When I was ten years old my mother told me about her days as a teenager cycling and hosteling in the Eastern Townships outside of Montreal.
It struck my romance bone and launched me into a lifetime of travel.
Four years later I was on my first cycling tour. I saved my money carefully for 10 months to take a trip that my parents didn't really think I'd manage to do. I spent one month in Wales and southern England cycling and hosteling. My bike was a white Peugeot.
I actually remember every bike I've ever owned.
- The one my parents bought me at the age of 8 that I left in the driveway and my father drove over. I was in such pain at the loss that he actually replaced it! A huge extravagance for our family.
- The orange foldable bike I bought from Canadian Tire. It was useless.
- The white Peugeot I bought secondhand for my first trip ever in 1973. That was the best bike I ever owned.
- The new bike I invested in in 1999 which was then stolen from the University of Toronto.
- The heavy iron castoff bike passed onto me by my stepson. I rode that bike for 10 years.
- The bike pictured below. I bought it secondhand and I love it! I thought I couldn't make it up the small mountain that is my street due to poor fitness. It was actually that darn heavy bike I'd been trying to haul up the hill.
Yes, my bikes and cycling have been a big part of my life.
Touring a City by Bike
When I plan an urban trip, I always do a bit of research to determine whether the destination is a good one for combining solo travel and cycling, whether exploring by bike will be a good option.
Chicago is definitely a bike-friendly city. Before going to Chicago I requested a guide from the Greeter program and specifically asked for someone who cycled. The result was a fabulous day. I rented my bike at the McDonald's Cycle Center in Millennium Park (a fabulous facility) and rode with my greeter along the waterfront as far as Wrigley Field then back to Millennium Park through neighborhoods. We made a stop for lunch along the way.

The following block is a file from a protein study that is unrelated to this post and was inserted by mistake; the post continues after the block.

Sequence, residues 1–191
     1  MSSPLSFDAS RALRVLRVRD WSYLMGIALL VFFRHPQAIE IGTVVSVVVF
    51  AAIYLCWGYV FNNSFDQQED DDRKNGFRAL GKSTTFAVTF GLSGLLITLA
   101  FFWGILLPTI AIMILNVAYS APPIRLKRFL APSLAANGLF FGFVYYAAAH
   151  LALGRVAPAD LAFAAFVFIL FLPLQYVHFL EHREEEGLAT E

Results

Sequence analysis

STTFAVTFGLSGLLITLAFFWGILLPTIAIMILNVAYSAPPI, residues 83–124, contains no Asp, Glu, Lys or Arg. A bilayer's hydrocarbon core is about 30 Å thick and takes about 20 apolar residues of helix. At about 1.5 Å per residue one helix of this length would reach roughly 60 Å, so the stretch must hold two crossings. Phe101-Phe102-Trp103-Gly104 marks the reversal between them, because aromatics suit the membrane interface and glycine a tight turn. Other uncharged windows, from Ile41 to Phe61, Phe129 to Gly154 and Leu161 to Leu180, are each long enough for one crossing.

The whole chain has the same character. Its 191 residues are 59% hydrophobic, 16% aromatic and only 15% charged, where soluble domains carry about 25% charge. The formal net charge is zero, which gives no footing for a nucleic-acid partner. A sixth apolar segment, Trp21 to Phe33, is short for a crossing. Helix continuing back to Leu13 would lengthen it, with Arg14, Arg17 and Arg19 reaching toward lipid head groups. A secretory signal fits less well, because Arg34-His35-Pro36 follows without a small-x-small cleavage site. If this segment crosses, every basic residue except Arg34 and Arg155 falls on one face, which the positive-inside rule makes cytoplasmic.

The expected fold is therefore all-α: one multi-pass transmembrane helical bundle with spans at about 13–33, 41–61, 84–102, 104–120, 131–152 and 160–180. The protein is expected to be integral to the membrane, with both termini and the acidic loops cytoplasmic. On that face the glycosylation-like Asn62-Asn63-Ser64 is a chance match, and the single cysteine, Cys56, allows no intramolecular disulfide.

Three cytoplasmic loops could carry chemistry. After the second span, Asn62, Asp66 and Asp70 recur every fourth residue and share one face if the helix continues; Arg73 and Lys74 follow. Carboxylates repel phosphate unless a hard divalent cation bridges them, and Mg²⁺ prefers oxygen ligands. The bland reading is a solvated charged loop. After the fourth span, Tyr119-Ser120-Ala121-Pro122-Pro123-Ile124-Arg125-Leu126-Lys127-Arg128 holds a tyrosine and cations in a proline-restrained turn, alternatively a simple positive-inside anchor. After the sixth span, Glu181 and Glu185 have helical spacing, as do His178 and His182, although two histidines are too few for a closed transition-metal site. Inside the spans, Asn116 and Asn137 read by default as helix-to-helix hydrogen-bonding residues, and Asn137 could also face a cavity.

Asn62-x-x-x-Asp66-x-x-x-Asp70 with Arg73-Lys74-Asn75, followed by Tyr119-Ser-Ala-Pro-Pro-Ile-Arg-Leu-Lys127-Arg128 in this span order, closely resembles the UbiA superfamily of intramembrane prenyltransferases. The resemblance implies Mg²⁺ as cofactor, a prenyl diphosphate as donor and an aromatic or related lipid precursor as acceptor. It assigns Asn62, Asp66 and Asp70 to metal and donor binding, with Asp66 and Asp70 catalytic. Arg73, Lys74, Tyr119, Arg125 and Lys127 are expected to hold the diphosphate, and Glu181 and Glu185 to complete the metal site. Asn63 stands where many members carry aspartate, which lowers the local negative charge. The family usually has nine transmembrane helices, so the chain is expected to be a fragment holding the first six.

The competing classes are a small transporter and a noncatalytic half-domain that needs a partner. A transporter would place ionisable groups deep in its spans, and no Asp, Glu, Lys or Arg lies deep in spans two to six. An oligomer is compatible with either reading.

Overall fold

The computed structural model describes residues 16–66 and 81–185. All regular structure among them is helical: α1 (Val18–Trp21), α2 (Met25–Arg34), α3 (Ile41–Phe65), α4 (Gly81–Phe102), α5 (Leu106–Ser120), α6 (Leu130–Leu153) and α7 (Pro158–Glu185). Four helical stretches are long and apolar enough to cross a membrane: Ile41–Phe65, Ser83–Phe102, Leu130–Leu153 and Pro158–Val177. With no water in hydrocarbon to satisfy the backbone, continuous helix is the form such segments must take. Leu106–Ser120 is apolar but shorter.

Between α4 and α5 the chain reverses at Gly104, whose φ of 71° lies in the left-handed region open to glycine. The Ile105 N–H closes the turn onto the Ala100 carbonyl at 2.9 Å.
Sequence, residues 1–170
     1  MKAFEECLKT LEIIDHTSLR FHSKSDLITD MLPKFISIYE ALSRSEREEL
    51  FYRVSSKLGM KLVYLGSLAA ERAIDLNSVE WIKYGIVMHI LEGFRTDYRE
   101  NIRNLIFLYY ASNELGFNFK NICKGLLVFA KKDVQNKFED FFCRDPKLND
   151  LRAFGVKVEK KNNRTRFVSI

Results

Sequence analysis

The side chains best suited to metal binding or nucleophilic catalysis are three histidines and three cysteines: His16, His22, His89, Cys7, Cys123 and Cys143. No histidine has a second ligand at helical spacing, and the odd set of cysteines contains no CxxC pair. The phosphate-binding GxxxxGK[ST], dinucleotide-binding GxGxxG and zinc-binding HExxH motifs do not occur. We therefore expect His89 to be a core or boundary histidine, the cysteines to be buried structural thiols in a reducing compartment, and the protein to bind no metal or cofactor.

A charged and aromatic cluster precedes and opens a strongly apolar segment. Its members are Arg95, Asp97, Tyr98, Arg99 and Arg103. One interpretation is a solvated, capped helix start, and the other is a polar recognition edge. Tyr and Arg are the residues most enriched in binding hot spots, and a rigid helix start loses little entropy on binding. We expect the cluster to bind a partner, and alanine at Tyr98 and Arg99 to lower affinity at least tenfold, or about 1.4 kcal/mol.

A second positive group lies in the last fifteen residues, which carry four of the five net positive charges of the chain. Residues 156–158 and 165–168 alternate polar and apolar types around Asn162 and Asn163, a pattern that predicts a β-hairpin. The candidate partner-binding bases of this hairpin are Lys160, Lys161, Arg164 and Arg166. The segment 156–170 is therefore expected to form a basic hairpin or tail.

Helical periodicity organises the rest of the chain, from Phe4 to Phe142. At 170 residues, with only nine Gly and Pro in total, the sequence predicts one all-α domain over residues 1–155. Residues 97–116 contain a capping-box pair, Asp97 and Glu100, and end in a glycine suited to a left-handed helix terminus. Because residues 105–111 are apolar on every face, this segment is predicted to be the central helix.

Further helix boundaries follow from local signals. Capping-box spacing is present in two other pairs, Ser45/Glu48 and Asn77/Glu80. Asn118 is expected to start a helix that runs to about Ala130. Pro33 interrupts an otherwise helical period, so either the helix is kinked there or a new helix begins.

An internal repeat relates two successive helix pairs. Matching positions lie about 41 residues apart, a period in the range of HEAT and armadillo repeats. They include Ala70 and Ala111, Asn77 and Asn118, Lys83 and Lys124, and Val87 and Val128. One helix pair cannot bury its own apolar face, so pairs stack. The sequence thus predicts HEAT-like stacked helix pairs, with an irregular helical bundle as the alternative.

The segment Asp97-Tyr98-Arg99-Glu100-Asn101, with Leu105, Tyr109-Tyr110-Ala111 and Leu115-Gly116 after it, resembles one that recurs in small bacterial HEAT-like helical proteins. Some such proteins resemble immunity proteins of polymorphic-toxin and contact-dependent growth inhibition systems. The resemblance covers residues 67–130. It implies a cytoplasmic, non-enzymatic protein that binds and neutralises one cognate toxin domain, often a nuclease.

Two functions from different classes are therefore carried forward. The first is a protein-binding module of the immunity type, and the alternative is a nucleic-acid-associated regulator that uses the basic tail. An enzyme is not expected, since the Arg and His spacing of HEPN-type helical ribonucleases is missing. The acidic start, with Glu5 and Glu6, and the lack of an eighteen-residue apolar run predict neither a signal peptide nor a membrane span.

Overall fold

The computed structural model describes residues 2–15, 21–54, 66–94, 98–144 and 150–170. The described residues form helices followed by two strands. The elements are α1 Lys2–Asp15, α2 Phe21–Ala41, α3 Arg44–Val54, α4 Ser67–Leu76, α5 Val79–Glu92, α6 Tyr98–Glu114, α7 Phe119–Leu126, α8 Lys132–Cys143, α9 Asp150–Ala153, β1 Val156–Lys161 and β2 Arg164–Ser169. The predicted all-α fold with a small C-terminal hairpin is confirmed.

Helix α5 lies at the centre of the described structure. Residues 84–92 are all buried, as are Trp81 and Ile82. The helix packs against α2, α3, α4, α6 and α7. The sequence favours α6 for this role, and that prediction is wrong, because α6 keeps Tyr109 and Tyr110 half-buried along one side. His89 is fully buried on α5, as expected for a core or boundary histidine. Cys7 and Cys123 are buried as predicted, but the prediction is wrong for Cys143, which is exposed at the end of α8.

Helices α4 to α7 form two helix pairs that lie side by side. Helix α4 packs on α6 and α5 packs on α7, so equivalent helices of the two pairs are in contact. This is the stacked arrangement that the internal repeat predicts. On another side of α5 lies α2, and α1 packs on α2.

In Hamburg, Germany I cycled the city as well. It's a fairly flat city with many parks and a great network of bike lanes. It's a really easy ride on your own or you can join one of a number of guided bike tours. As an alternative to the inner city, you can take the train to the suburbs for many rides there or ride right out of the city into the country. There's even a cycle path that takes you from Hamburg to Bremen. You can return by train.
In San Francisco I rented a bike at the beginning of the riding season. Neither my thighs nor my butt were up for the challenge. Still, I did one ride – I cycled the Golden Gate Bridge which is a standard cycling route for tourists. I rode to Sausalito/Tiburon and returned by ferry back to Pier 39. There are many more options in the San Francisco area and, if you want more of a mountain biking experience, they are within reach as well.
At home in Toronto, my bike is transportation from April to October. The system of bike trails and lanes in Toronto is quite good and growing. If you plan to visit Toronto you can get a free cycling map from the city. As with most major cities there is a bike share service. The bikes are good for a short commute or casual ride. For a real bike ride through the ravines and waterfront of Toronto, I would recommend renting a better bike at one of the many bike shops around town.
Solo Travel and Cycling between Cities
Touring by bike through the countryside between towns is a fabulous way to travel. The pace is slower. It involves more of your senses. It's inarguably healthy. It has no environmental impact. And, I've found that you meet more people just because you're on a bike.
After that first UK trip, I did a number of others. Some with friends and others on tours that I joined, often solo. My most recent was almost two years ago now. Read Bike Ontario: Rail Trails Make it Easy
There are hundreds of companies that offer tours that combine solo travel and cycling. Here are two that have been supporting Solo Traveler for many years: Explore, Exodus.